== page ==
The Hardest Decision in Life
Haley’s inspiring courage and strength
Laughter bubbled from my lips. I didn’t know Abraham would have a sense of humor. “What would you do if I said I wanted to see the unicorns?”
“I’d take you to see them. They’re just on the valley’s other side right now.”
My grin evaporated, and my eyes rounded. “Wait. You’re serious? Unicorns are real?”
“Of course, they’re real, Haley. Did you think man made them up? The best myths and legends are based on versions of reality.”
I chuckled again. “If only I could tell my mom about them. She picked the unicorn as the symbol for my charity. Well, it was my favorite stuffed animal when I was seven, so that might have influenced her decision. Plus, the unicorn is a symbol of a promise. Yes, I’d like to see them.”
Just as promised, Abraham led me to where the unicorns played. He waved at them, and they came prancing over to greet us. Like everything else here, light shone from within them. Mirroring the shape and size of horses from Earth, their coat shades ranged from pink to iridescent pearl, and they each sported a long, spiraling horn from the center of their foreheads.
Greetings and joy at meeting me entered my mind. The unicorns spoke with me telepathically. More than anything, I wanted to jump on the beautiful steed in front of me and ride away. But Abraham mentioned more things for me to see that tantalized my curiosity.
“Another time,” Aaliyah said, the soft hairs from her muzzle tickling my palm. As one, the unicorns turned and pranced away. Their graceful forms effortlessly flowed across the meadow, reminding me of colorful ribbons blowing in the breeze.
I sighed. Childlike delight ran through me at seeing the beautiful creatures. If only I could tell my mom the truth about them. I imagined her mouth hanging open in disbelief if I could have one more opportunity to talk with her.
“Are you ready to go? We could wait longer, but I happen to know that another group of people is assembling for their first flying lessons. It’s something everyone talks about, and we flock to see them at every opportunity.” Abraham grinned, his eyes mischievously shining.
What was he not saying? His expression piqued my curiosity. “Sure, let’s go. It sounds like fun.” I don’t know if the flying lessons were nearby or if Abraham managed to translate us, but in almost no distance at all, the scenery completely shifted, and a vast crowd surrounded us.
Without counting, I guessed about a dozen people exited a ruby-walled building across from us, their faces beaming with excitement and their robes shining brightly white, sparkling as they walked. A thrill of anticipation raced up my spine, increasing in intensity with the crowd’s voices raising. Many pointed out their acquaintances, calling out well-wishes followed by raucous laughter.
The flight students paired off, and I counted fourteen of them. The first pair started running, their steps getting longer with each stride. Almost as soon as it started, they no longer used the ground but flew into the air—for about three seconds. They crashed to the ground, rolling gracefully in summersaults where the grass cushioned them and rolled along with them. The team jumped up, gave each other a high five, and jogged back to the other flyers, waiting their next turn at the line’s end they formed.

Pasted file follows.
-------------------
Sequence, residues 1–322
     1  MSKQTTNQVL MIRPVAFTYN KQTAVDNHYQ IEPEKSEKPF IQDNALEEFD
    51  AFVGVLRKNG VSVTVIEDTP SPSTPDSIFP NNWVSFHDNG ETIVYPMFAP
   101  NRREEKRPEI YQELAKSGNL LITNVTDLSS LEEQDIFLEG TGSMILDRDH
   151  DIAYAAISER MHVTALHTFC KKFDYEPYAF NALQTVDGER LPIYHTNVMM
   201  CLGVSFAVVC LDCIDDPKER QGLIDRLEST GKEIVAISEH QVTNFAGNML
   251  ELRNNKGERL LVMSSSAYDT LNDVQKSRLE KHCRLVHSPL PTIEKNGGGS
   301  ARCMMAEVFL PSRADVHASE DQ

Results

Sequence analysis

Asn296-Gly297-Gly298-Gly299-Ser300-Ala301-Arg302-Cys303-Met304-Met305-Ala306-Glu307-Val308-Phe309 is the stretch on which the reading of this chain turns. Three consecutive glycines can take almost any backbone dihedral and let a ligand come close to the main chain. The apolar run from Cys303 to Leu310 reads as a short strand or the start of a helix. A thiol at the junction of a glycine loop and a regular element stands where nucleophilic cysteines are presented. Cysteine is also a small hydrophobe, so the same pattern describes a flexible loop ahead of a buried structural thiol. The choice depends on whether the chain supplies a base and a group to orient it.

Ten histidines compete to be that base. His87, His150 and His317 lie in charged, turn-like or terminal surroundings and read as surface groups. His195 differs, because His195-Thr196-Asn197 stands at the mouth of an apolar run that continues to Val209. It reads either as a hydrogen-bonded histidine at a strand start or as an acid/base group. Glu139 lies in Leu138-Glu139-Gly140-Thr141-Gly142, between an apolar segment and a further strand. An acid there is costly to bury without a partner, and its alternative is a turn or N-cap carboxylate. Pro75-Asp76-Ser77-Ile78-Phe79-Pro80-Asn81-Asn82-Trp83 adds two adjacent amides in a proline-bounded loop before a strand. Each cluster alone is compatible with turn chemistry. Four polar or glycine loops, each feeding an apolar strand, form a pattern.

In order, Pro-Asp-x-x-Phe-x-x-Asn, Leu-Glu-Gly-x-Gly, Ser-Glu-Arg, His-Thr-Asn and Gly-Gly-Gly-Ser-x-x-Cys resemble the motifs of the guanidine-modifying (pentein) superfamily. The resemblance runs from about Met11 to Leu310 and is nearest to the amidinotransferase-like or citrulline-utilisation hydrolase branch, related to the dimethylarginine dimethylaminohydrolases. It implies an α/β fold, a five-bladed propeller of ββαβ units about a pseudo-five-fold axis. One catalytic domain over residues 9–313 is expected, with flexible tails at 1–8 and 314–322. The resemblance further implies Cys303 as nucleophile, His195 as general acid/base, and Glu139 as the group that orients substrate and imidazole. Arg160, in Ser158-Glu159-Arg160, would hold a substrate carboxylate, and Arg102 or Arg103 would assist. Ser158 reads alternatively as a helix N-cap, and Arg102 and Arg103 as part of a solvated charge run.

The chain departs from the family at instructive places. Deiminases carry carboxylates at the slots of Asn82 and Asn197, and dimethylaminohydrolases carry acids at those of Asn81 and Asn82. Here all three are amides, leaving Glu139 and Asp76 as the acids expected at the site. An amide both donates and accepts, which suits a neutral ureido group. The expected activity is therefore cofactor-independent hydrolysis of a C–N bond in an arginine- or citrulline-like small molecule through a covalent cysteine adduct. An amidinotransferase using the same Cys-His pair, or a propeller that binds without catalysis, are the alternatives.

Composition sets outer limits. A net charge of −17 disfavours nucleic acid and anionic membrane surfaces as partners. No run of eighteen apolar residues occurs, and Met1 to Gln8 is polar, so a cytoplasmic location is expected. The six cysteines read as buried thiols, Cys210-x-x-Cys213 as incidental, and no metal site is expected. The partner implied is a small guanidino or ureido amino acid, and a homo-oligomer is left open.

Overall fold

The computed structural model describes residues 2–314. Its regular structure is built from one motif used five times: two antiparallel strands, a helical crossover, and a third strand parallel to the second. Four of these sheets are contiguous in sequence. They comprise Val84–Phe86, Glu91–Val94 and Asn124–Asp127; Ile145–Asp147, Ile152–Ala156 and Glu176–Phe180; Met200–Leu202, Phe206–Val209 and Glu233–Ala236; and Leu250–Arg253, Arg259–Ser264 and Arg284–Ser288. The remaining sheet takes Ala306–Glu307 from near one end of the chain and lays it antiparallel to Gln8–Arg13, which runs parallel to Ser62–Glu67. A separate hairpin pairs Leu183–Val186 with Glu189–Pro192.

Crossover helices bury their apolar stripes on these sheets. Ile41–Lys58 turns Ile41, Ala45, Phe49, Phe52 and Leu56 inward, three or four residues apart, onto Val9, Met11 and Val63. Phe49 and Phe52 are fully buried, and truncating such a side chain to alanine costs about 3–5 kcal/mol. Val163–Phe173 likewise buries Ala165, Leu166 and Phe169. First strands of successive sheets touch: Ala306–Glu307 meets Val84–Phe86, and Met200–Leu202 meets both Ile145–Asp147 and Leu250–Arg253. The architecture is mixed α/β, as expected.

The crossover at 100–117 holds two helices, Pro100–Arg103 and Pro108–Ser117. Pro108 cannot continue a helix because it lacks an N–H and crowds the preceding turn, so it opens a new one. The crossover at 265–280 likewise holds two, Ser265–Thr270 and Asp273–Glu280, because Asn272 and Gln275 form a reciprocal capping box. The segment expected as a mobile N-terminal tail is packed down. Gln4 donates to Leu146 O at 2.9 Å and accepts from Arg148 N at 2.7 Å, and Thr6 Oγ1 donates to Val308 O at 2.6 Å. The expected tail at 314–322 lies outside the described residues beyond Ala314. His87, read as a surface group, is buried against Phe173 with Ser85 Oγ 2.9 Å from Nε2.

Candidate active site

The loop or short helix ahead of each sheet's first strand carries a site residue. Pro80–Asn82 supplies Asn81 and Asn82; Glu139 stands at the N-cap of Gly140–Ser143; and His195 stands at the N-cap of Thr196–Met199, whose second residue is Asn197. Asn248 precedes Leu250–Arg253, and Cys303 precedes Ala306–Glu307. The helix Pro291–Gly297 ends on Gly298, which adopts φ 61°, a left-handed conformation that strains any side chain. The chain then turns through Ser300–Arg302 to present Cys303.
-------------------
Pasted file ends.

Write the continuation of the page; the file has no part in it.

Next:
The onlookers cheered and laughed. They called out for the next pair to try, ready for more entertainment. As if encouraged by the audience, two more flyers complied. Only, these two didn’t run; they jumped straight up into the air. With more grace than I’d ever witnessed before, they flew in parallel loops. I didn’t know such maneuvers were possible, but the show ended almost as fast as it began with a midair collision and an immediate fall to the grass. Gasping in anticipation of the thud, I clapped excitedly when the ground acted as a trampoline and shot them back to their feet with the grace of trapeze artists.
No flyer made it very far, but their techniques varied according to their personal delights. I laughed and clapped with the best of them. When the show ended, I wanted to try my hand at flying.
Abraham grasped my elbow and steered us away from the crowd. I looked up at him, my mind racing with possibilities. “That was amazing. When can I get into that class?”
“Anyone can attend at any time. But right now, you have an appointment.” His hand patted my arm.
“Really? With who?”
Rather than answer, Abraham reached up and grabbed a copper-colored fruit from a pear tree overhead and held it out to me. “Eat this; you’ll need the strength it provides.”
My hand shot up to accept the gift, but then his words registered. Why would I need strength? What was coming? Should I change my mind about going? My steps slowed as my doubts increased. Yet Abraham’s hold on my arm propelled me forward.
If I didn’t have a choice in the matter, then I would follow Abraham’s sage advice. I lifted the fruit to my mouth, biting the tender flesh and sucking hastily at the flowing juices. If I never ate another thing, this fruit would satisfy me for a lifetime. Energy surged through my body, every nerve invigorated, every sense heightened.
As before, the scenery shifted with each step, as if our very motion caused the land to change. We rounded the small sandy hill, and Abraham stopped. Breath caught in my lungs at the sea spread out before us. I’d never witnessed anything so pure, bright, and vast as that expanse of water. A gentle breeze lifted the hair from my shoulders, the smell unrecognizably sweet and alluring, calling me forward. My voice came out barely above a whisper, “What is this place called?”